EMPLOYEE productivity AND THE EFFECT OF AUTOCRATIC leadership STYLE
1.1 THE study'S BACKGROUND
Centuries ago, it was widely held that leaders are born, not made. It was widely assumed that leadership was uniquely endowed with work ability as well as a love of people, allowing them to become leaders.
Autocratic leadership is characterized by leaders using coercive reward and even legitimate force on their subordinates. The leader also uses threats and punishments to achieve their goals and does not allow subordinates to contribute to the organization's operations, making upward communication ineffective.
Other types of leadership styles include:
A. Laissez-Faire leadership style: leaders in this style place less emphasis on the achievement of organizational goals and more emphasis on the behavior of subordinates, so they are free to do whatever they want. These leaders serve only as showpieces.
B. Likere leadership style: Reisis Lifetree is a graduate of the University of Michigan, and his associate has spent decades focusing on leadership style in businesses. According to the findings of this study, an effective manager is one who is strong oriented to his subordinates and relies on communication to keep all parties working as a unit.
b. Consultative mode
c. Be a member of the group
1.2 THEORY OF framework
The researcher attempted to survey some theories that will further enhance understanding of the concept of Autocratic leadership and its effect on employee productivity during the course of this study.
Among the theories worth mentioning and explaining are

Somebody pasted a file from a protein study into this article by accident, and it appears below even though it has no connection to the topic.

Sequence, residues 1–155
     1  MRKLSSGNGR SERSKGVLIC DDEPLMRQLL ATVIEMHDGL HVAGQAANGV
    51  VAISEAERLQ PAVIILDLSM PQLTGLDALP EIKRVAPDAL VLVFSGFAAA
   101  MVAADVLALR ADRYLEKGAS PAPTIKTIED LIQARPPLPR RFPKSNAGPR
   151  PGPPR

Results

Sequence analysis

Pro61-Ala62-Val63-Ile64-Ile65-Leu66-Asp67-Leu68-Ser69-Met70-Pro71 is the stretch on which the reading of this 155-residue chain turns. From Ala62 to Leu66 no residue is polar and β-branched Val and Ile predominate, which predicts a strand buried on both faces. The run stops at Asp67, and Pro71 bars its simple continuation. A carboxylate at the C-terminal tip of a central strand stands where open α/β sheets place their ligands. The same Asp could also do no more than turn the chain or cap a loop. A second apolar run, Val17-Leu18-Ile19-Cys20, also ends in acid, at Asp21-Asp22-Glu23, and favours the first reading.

A. The leadership trait theory
B. Leadership theories based on behavior
C. Theories of Situational Leadership
The trait theory contends that the leader has always played a central role in management theory. Most early leadership researchers attempted to either compare the traits of people who became leaders with those who did not identify characteristics and traits possessed by effective leaders.
The trait approach to leadership, according to Weiss and Adler (1984:1), is the evaluation and selection of leaders based on their physical, mental, social, and physiological characteristics.
The behavioral school, on the other hand, arose as a result of dissatisfaction with trait theory. This theory focuses on how leaders should act rather than on any traits or characteristics they may have.
Several studies, including the Ohio state leadership studies, have been conducted in the United States. They conducted a series of in-depth studies on the behavior of leaders in various organizations. The main focus of the Ohio State University study was the leaders' behavior in directing others' support toward group goals.
The situational or contingency leadership theory is based on the assumption that appropriate behavior or style depends on the circumstances at the time. These theories have five implications. They have
a. Houses' path goal theory
Tannebaum's and Schmidt's leadership continuum
Fielder's contingency leadership theory
d. The normative leadership theory of Vrooms and Yatton